'I was terrified:' Woman testifies in trial for former residential school priest
WINNIPEG — A First Nations woman told a courtroom she was left scared and sick to her stomach after a priest allegedly assaulted her at a residential school more than 50 years ago — accusations the now-retired cleric has denied.
Arthur Masse, 93, is charged with one count of indecent assault from when the woman was a 10-year-old student at the Fort Alexander Residential School, north of Winnipeg.
RCMP charged Masse last summer following a criminal investigation that started in 2011. The tall, slender man with thinning hair and glasses quietly entered his plea of not guilty as his trial began Tuesday. He was wearing all black and a priest's collar.
Victoria McIntosh was the first to testify at the two-day, judge-alone trial overseen by Court of King's Bench Justice Candace Grammond.
Wearing a gold ribbon skirt and a beaded medallion, McIntosh swore on an eagle feather after she took the stand. An eagle feather staff from her community of Sagkeeng First Nation was placed at the front of the courtroom to provide her with strength from the First Nation and her ancestors. The community's chief and council, as well as family members, attended the trial in a sign of support.
GRAPHIC WARNING: The following details may disturb some readers.
McIntosh testified she was in the bathroom at the school when she heard someone enter. She said she recognized it was Masse because of his collar. The priest then opened the stall door, she told court.
"(Masse) came in," she recalled before taking one of a few long pauses during her roughly two-hour testimony. "He picked me up. He tried to fondle me and he tried to kiss me. Well, he actually did."
"I was scared and nauseated at the same time. I slipped away from him and I ran out of there."
She said the alleged assault lasted approximately a minute, during which Masse used one of his forearms to hold her against a wall while he used his other hand to "fondle" her above her clothing.
"It just happened so quick. I just felt him there and I was terrified," said McIntosh.
Before she was able to get away, McIntosh said Masse kissed her quickly and roughly on her face.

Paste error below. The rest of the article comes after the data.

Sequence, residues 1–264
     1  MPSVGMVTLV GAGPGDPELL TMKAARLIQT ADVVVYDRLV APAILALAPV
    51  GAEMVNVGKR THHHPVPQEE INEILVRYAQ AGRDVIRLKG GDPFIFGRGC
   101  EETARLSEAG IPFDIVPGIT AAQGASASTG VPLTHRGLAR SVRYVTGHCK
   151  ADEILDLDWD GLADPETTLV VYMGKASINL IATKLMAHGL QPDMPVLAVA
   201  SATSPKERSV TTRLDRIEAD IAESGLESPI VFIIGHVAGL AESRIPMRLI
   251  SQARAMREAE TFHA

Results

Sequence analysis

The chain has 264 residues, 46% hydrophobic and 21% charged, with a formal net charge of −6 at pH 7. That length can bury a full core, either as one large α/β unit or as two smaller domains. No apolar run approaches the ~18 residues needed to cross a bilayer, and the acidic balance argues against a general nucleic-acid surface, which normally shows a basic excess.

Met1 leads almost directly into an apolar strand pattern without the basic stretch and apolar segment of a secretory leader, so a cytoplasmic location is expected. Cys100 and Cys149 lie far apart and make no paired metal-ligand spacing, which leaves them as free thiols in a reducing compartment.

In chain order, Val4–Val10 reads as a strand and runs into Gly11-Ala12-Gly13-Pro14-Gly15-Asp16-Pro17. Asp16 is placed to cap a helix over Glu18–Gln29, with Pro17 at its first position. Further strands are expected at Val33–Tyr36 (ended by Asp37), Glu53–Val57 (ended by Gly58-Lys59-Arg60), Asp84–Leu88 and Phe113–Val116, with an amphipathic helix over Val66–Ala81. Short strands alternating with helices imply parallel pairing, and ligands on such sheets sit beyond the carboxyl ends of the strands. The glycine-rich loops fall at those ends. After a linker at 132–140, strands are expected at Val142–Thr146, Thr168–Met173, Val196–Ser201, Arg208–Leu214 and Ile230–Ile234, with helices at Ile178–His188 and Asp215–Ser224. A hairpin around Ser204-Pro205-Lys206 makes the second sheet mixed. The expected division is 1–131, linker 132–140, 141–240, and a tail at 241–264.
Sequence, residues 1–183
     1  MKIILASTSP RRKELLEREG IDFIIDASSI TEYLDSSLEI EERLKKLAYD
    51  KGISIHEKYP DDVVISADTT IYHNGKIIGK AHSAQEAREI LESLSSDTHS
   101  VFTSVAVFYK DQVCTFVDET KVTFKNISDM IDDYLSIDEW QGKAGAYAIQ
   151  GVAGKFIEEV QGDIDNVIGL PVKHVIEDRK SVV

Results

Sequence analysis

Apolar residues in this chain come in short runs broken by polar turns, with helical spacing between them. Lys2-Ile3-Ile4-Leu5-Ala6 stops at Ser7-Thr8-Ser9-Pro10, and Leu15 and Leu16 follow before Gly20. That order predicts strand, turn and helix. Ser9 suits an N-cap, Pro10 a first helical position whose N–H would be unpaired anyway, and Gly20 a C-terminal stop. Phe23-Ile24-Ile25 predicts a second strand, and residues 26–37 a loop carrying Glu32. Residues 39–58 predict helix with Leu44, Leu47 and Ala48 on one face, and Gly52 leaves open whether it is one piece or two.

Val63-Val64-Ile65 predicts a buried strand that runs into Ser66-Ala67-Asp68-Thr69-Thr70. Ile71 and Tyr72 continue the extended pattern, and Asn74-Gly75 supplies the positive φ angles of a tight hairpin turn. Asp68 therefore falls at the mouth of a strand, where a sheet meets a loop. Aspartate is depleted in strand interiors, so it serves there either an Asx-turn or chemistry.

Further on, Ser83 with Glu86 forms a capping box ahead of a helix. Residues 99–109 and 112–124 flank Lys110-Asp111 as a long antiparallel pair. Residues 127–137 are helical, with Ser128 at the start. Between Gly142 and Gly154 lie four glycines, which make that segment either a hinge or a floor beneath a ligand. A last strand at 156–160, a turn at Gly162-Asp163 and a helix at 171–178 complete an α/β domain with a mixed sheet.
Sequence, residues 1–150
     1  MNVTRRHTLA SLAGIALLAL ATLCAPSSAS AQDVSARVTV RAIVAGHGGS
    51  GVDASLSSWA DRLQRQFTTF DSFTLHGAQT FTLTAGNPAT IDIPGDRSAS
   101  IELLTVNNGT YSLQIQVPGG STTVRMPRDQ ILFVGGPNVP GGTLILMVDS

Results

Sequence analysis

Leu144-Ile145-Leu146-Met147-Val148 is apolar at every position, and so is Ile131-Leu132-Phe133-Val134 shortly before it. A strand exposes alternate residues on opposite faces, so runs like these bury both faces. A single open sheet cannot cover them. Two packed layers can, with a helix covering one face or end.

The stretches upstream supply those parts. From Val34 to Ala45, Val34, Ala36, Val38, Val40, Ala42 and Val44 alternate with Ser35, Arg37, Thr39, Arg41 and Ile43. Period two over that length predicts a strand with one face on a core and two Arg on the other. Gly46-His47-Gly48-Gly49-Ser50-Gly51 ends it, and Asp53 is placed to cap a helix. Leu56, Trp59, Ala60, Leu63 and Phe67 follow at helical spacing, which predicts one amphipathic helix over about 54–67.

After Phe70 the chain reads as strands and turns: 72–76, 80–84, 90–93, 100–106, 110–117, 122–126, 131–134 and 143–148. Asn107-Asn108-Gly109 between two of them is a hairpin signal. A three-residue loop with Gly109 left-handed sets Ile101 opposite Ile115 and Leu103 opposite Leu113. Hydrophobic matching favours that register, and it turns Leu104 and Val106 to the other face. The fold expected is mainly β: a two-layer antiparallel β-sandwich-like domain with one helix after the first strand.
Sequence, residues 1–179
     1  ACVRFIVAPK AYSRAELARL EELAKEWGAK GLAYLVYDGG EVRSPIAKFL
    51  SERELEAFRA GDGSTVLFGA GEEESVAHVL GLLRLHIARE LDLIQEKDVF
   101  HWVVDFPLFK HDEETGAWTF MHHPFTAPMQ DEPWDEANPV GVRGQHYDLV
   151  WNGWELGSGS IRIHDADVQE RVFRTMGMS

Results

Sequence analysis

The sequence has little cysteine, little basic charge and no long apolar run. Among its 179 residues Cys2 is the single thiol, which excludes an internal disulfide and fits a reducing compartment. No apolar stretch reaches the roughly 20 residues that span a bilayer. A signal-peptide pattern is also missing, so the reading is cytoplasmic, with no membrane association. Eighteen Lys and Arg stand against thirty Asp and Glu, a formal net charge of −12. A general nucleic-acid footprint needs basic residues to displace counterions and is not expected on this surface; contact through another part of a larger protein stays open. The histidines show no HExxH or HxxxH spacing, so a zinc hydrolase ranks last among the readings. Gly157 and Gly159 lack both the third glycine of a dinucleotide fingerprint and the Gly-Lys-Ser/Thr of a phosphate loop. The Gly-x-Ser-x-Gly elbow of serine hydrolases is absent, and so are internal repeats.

"He said: 'Don't say nothing,'" said McIntosh.
The Canadian Press doesn't typically name complainants in such cases, but McIntosh has said she wants to speak publicly and no publication ban was ordered.
Following the alleged assault, McIntosh said she avoided Masse and did not speak with him. The first time she reported the alleged assault was to police in 2015.
RCMP received allegations of sexual abuse at the Fort Alexander Residential School at the beginning of 2010. Officers conducted archival research and spoke to more than 700 people across North America with the hope of locating possible victims or witnesses. In total, police obtained 75 witness and victim statements.
Police said the alleged assault took place sometime between 1968 and 1970.
George Green, Masse's lawyer, suggested during cross-examination that memory fades over time and questioned how McIntosh could be certain the person who assaulted her was his client.
McIntosh said for many years following the assault, she tried to forget Masse's name and what happened until a 2013 meeting regarding a residential school settlement claim triggered memories.
"Prior to 2013, you forgot what his name was?" Green asked.
"Yes and no," McIntosh responded. "I didn't want to say his name."
Masse spent most of his career working with Indigenous communities in Ontario and Manitoba before retiring in 1999. During his own testimony, Masse recited the names of many students and staff he worked with throughout the years before adding he did not recall having any interactions with McIntosh.
He told the court he did not follow students into the bathroom or touch students inappropriately. He denied McIntosh's allegations outlined on Tuesday.
"Did you ever try to kiss Ms. McIntosh like she's alleging?" Green asked his client.
"No, definitely not," Masse responded.
Outside the courthouse, McIntosh told reporters there is "no doubt" in her mind Masse was the one who assaulted her.
"I remember the grin. We remember details like that when it's so horrible," she said. "You never forget those details. You never forget those faces."
Masse and his lawyer declined to speak after the trial wrapped for the day.
Closing arguments are expected Wednesday.
The Indian Residential Schools Resolution Health Support Program has a hotline to help residential school survivors and their relatives suffering trauma invoked by the recall of past abuse. The number is 1-866-925-4419.
This report by The Canadian Press was first published March 7, 2023.
Brittany Hobson, The Canadian Press